placed a franchise on the North Side and began play in Weeghman Park. By 1915, the Cubs were the third most popular team in a three-team city.

When the Federal League collapsed after the 1915 season, Charles Weeghman, owner of the now-defunct Chicago Whales
Chicago Whales
The Chicago Whales were a professional baseball team based in Chicago. They played in the Federal League, a short-lived "third Major League", in 1914 and 1915. They originally lacked a formal nickname, and were known simply as the "Chicago Federals" to distinguish them from the Chicago Cubs and...

, was allowed to buy a substantial interest in the Cubs. One of his first acts was to abandon West Side Park and move the Cubs to Weeghman Park for the 1916 season. Weeghman Park survives today as Wrigley Field
Wrigley Field
Wrigley Field is a baseball stadium in Chicago, Illinois, United States that has served as the home ballpark of the Chicago Cubs since 1916. It was built in 1914 as Weeghman Park for the Chicago Federal League baseball team, the Chicago Whales...

.
One of the few items the Cubs took with them, besides normal operational properties, was a set of large letters comprising a sign that had run across the back of the grandstand and was to be read from the outside of the park: "CHICAGO NATIONAL LEAGUE BALL PARK". This sign was placed along the top of the Weeghman Park wall bordering Sheffield Avenue, visible to everyone in the park, and of course reading backwards to the spectators. This oddity lasted a few years at Weeghman / Cubs Park until it was brought down during an early remodeling.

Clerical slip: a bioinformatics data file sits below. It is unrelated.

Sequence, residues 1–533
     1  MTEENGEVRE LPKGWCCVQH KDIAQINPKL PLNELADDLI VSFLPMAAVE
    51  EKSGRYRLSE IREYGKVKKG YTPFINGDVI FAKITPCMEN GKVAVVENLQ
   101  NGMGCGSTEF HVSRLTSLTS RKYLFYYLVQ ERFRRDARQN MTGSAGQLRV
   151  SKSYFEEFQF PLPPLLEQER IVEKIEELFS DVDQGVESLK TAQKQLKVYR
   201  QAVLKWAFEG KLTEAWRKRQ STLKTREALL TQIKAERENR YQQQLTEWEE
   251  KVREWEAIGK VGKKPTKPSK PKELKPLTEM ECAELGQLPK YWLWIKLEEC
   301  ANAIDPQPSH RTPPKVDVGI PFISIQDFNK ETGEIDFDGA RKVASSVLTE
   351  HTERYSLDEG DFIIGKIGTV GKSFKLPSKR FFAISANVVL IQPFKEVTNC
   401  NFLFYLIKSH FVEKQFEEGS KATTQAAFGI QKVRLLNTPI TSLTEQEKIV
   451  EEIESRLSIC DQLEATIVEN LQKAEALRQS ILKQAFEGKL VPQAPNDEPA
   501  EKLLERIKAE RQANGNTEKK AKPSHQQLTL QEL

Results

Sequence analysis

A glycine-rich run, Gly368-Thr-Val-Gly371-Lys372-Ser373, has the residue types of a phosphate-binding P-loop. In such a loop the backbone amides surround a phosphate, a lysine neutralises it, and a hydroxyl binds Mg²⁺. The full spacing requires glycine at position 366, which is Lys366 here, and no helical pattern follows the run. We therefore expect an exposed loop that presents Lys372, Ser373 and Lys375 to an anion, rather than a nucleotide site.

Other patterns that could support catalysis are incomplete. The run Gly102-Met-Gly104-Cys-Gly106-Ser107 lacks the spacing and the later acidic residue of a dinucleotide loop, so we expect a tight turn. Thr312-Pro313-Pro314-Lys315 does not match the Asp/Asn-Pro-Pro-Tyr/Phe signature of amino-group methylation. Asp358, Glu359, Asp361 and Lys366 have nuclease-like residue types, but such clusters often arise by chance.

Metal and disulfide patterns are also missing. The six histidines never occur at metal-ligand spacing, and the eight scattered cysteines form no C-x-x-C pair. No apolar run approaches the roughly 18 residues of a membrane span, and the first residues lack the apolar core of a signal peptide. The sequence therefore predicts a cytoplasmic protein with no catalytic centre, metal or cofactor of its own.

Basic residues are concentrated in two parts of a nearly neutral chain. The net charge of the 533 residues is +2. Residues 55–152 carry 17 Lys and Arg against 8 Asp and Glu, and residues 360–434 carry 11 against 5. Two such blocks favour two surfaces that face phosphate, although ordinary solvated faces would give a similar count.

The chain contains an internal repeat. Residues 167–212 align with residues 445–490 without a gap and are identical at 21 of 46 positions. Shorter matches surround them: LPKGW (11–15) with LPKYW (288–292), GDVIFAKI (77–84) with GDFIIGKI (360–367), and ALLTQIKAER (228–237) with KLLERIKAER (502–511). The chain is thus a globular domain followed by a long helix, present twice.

West Side Park continued to host semipro and amateur baseball events for a few years. It even served as a setting for "Buffalo Bill's Wild West," thus converting the entire former ballfield into a different kind of "bull pen". The ballpark was torn down in 1920. Murphy sold the leftover lumber for scrap. The site is now occupied by the University of Illinois Medical Center
University of Illinois College of Medicine
The University of Illinois College of Medicine offers a four-year program leading to the MD degree at four different sites in Illinois: Chicago, Peoria, Rockford, and Urbana–Champaign....

. This West Side Park remains, to this day, the only park that has witnessed the Cubs as World Series Champions, as the Cubs won back-to-back titles in 1907, and 1908.

Dimensions of second West Side Park

  • Left Field - 340 ft.
  • Center Field - 560 ft.
  • Right Field - 340 ft.

Sources

  • Green Cathedrals, by Philip J. Lowry
  • A Day at the Park, by William Hartel
  • Cubs Journal, by John Snyder
  • Wrigley Field: The Unauthorized Biography, by Stuart Shea
  • Baseball Memories: 1900-1909, by Marc Okkonen

External links